10 things to know about the WA Panel Report

On Thursday, the West Australian Ministerial Expert Panel on Voluntary Assisted Dying released its final report on the implementation of euthanasia and assisted suicide in that state.  It gives a detailed insight into what a euthanasia and assisted suicide regime will look like, including the aspects of the Victorian regime that they have sought fit to dispense with as too restrictive.

Here are ten things you should know about the report.

  1. Doctors can initiate conversations about euthanasia and assisted suicide with their patients

The Victorian legislation prohibits medical practitioners from starting a conversation about euthanasia or assisted suicide with a patient.  This was done in an attempt to ensure that the request did in fact come from the patient, and they were not influenced by a medical professional in a position of trust and authority. 

Western Australia has dispensed with this barrier and will allow doctors to suggest euthanasia and assisted suicide to their vulnerable patients.

2. No specialist care is required

Even though the co-ordinating doctor for a euthanasia or assisted suicide request has to provide the patient with information regarding the nature of their disease or illness, the prognosis, any possible curative treatments, any available palliative treatments, and confirm that it is reasonably foreseeable that the patient will die in 12 months, the Panel recommended that “neither doctor is required to be a specialist regarding the person’s disease or illness.”

This is concerning for two reasons: firstly, because there is no requirement that a patient first receives specialist treatment or advice before being prescribed lethal drugs, and secondly, because the practitioner is expected to be able to sufficiently explain to the patient a condition in which they do not specialise.

3. Nurse practitioners will be allowed to act as the second practitioner to authorise euthanasia and assisted suicide

The Victorian legislation requires that an assessment of a patient’s eligibility for euthanasia or assisted suicide and their capacity to make the decision be assessed by two medical practitioners, independently of each other.

Western Australia has dispensed with this requirement, insisting on only one medical practitioner and then allowing a nurse practitioner to act as the other sign-off.  Disturbingly, the reason given was because “the scarcity of medical practitioners in many country districts and towns of Western Australia.”  Instead of investing in greater availability of medical practitioners in regional and remote areas of the state, the Panel has instead chosen to recommend that a patient need not see two doctors before being prescribed lethal drugs.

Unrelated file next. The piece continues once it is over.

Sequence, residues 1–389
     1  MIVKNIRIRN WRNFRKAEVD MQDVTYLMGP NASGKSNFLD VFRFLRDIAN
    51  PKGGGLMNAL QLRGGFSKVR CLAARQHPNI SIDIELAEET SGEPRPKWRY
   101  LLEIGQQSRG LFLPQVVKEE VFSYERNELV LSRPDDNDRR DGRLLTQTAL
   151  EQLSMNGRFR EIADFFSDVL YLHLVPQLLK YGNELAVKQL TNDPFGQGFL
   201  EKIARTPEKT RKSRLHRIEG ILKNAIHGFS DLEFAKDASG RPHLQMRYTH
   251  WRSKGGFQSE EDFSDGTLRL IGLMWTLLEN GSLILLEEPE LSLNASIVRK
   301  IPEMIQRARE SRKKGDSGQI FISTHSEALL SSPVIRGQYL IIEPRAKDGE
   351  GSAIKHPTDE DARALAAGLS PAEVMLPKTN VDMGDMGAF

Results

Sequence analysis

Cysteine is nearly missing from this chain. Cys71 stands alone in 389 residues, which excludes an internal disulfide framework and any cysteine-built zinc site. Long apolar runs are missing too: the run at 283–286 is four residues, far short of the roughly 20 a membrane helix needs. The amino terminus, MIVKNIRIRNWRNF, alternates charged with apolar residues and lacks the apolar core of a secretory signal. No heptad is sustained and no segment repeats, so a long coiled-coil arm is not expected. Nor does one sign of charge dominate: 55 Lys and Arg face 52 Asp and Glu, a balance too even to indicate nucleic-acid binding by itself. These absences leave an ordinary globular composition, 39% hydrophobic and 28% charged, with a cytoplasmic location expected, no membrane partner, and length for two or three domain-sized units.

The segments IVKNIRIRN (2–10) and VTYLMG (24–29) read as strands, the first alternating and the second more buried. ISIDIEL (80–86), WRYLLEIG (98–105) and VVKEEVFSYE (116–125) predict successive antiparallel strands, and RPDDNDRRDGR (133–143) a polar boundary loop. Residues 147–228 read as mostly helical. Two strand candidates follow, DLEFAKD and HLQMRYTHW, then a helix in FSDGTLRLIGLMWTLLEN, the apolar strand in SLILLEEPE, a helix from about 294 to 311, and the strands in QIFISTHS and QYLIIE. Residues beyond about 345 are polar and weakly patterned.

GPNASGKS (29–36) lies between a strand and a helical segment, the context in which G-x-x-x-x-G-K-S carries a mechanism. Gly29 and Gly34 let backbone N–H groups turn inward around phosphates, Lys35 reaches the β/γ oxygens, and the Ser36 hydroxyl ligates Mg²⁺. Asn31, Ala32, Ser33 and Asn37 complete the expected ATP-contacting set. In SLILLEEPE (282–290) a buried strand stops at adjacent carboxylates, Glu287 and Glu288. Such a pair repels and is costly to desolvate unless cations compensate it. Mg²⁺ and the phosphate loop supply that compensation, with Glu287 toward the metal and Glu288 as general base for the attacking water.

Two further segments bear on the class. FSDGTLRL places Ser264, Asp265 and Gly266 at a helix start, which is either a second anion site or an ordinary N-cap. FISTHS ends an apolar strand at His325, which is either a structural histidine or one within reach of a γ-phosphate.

4. Access to euthanasia and assisted suicide is prioritised over access to medical care

The Panel has suggested ways that access to euthanasia and assisted suicide can be made easier for those in regional or remote areas (eg, not requiring specialist care and only needing one doctor to sign off on the euthanasia request.)

Ironically, the Panel reasons that the process for euthanasia and assisted suicide “must not disadvantage people living in rural and remote parts of Western Australia,” and that access for all people should be ensured.  It would be good if similar concerns about access were raised in relation to access to specialist medical care or even to medical practitioners.

Additionally, the Panel recommends the appointment of “care navigators” to assist people navigating their way through the euthanasia or assisted suicide process.  There is no similar requirement or recommendation for government-funded “care navigators” to ensure people have information and access about other end-of-life care options, including palliative care.

The lack of care will have a disproportionate impact on Indigenous populations.  The report notes that “almost 40% of Western Australia’s Aboriginal population lived in remote or very remote locations compared to just under 5% for non-Indigenous populations.”

5. Mental illness will not prevent a patient from being eligible for euthanasia or assisted suicide